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Archaeobotanical evidence reveals the origins of bread 14,400 years ago in northeastern Jordan

Arranz-Otaegui, A; Gonzalez Carretero, L; Ramsey, M; Fuller, D; RICHTER, T; (2018) Archaeobotanical evidence reveals the origins of bread 14,400 years ago in northeastern Jordan. Proceedings of the National Academy of Sciences , 115 (31) pp. 79125-7930. 10.1073/pnas.1801071115. Green open access

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Abstract

The origins of bread have long been associated with the emergence of agriculture and cereal domestication during the Neolithic in southwest Asia. In this study we analyze a total of 24 charred food remains from Shubayqa 1, a Natufian hunter-gatherer site located in northeastern Jordan and dated to 14.6–11.6 ka cal BP. Our finds provide empirical data to demonstrate that the preparation and consumption of bread-like products predated the emergence of agriculture by at least 4,000 years. The interdisciplinary analyses indicate the use of some of the “founder crops” of southwest Asian agriculture (e.g., Triticum boeoticum, wild einkorn) and root foods (e.g., Bolboschoenus glaucus, club-rush tubers) to produce flat bread-like products. The available archaeobotanical evidence for the Natufian period indicates that cereal exploitation was not common during this time, and it is most likely that cereal-based meals like bread become staples only when agriculture was firmly established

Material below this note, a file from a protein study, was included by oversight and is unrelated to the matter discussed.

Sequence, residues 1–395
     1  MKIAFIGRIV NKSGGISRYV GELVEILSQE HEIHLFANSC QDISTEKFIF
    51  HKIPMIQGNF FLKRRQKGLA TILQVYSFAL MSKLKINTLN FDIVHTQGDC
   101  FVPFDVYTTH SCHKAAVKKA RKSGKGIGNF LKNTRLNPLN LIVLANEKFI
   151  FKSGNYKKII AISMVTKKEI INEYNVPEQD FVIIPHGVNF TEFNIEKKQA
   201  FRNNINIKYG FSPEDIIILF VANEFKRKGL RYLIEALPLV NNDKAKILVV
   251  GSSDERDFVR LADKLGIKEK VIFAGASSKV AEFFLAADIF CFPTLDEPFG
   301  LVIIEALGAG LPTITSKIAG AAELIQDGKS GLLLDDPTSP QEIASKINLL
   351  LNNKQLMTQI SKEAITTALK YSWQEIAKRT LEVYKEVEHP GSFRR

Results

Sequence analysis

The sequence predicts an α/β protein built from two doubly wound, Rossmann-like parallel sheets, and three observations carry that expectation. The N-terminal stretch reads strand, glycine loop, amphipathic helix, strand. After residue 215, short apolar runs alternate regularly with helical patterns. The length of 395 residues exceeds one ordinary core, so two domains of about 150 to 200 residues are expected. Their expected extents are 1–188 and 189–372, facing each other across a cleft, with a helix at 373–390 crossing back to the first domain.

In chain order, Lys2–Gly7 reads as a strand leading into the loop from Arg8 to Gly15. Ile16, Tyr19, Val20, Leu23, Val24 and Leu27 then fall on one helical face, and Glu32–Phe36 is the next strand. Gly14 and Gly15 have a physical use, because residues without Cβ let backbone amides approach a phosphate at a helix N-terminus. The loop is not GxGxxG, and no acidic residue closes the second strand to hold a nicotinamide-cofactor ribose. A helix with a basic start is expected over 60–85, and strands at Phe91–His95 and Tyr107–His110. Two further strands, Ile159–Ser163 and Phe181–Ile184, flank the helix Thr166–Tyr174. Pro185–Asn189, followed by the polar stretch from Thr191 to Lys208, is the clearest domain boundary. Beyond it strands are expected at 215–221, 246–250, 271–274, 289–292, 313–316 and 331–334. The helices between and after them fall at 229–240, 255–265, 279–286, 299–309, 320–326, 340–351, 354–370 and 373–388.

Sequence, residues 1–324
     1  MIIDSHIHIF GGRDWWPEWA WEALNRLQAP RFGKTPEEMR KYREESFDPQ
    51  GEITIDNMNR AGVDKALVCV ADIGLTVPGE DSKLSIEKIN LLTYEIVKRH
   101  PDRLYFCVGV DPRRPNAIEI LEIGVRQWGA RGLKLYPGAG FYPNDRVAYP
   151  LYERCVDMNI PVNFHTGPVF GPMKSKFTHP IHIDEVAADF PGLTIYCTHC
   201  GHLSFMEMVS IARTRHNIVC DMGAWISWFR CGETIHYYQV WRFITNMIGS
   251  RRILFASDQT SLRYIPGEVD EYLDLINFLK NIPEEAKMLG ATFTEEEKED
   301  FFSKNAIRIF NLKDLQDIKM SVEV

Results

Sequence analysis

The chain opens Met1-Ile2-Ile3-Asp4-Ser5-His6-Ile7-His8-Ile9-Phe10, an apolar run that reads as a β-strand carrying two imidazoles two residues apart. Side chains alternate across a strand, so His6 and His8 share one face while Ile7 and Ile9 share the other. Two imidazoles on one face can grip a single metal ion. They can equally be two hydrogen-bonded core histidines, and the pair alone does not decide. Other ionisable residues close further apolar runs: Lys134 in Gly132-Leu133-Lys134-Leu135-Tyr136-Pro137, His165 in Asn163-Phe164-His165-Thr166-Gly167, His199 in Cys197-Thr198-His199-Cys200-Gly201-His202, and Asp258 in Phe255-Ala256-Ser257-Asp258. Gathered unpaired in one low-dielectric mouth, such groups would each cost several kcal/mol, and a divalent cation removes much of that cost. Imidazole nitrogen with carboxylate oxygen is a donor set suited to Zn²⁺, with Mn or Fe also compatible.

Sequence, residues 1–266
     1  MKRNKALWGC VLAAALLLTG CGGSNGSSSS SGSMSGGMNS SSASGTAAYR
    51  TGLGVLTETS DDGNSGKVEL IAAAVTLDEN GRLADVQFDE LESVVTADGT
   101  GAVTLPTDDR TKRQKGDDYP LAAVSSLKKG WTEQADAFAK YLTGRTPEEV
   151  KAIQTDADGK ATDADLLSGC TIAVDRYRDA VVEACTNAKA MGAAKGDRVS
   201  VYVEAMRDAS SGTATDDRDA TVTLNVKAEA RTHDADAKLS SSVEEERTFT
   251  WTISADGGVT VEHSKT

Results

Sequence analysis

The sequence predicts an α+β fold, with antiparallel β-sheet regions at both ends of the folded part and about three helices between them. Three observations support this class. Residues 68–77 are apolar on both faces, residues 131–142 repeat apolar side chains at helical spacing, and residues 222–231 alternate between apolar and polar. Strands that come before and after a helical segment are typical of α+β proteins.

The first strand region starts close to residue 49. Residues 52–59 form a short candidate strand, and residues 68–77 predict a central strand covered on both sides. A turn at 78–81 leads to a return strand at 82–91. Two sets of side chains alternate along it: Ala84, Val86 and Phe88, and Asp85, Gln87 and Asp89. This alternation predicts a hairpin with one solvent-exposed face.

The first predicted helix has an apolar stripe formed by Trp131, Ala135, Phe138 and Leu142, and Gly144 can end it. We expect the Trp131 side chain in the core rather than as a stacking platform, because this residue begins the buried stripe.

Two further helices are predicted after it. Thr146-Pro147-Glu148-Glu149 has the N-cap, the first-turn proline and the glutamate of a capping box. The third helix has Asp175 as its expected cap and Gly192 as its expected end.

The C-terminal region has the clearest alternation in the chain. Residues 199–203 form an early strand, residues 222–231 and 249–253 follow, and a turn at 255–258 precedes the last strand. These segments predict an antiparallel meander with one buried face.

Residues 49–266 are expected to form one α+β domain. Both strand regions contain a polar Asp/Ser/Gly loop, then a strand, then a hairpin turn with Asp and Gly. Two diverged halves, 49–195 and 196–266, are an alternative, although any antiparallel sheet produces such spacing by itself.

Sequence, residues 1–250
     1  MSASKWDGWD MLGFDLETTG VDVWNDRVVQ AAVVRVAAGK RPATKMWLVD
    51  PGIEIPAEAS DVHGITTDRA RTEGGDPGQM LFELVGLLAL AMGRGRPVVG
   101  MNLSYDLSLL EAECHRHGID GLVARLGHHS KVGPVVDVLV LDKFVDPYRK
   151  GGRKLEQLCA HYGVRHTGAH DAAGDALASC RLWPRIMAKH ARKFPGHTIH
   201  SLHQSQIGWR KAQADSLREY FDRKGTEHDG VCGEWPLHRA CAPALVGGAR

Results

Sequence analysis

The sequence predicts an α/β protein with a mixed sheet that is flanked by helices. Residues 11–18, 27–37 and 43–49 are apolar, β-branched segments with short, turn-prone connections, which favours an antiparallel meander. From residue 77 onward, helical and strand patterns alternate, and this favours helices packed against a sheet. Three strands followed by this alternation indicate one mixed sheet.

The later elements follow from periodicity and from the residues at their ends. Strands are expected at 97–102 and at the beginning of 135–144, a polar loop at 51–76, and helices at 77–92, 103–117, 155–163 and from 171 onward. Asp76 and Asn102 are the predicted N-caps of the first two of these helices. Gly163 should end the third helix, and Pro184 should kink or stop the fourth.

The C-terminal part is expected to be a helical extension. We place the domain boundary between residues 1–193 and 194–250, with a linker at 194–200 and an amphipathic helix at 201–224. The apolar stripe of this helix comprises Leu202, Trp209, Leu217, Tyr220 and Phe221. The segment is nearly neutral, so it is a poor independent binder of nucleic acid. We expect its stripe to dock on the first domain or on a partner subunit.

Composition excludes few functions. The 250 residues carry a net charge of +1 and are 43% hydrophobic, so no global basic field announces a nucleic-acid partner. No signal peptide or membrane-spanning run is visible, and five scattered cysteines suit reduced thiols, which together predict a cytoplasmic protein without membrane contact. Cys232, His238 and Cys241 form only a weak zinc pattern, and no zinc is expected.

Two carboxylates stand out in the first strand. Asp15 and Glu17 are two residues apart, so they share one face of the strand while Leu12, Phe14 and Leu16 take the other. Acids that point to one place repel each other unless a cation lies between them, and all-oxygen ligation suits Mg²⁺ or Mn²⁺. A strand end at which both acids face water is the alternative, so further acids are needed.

Type: Article
Title: Archaeobotanical evidence reveals the origins of bread 14,400 years ago in northeastern Jordan
Open access status: An open access version is available from UCL Discovery
DOI: 10.1073/pnas.1801071115
Publisher version: https://doi.org/10.1073/pnas.1801071115
Language: English
Additional information: This open access article is distributed under Creative Commons Attribution-NonCommercial-NoDerivatives License 4.0 (CC BY-NC-ND).
Keywords: Southwest Asia, Epipaleolithic hunter-gatherer, food, archaeobotany
UCL classification: UCL > Provost and Vice Provost Offices
UCL > Provost and Vice Provost Offices > UCL SLASH
UCL > Provost and Vice Provost Offices > UCL SLASH > Faculty of SandHS > Institute of Archaeology
UCL > Provost and Vice Provost Offices > UCL SLASH > Faculty of SandHS > Institute of Archaeology > Institute of Archaeology Gordon Square
URI: http://discovery.ucl.ac.uk/id/eprint/10052964
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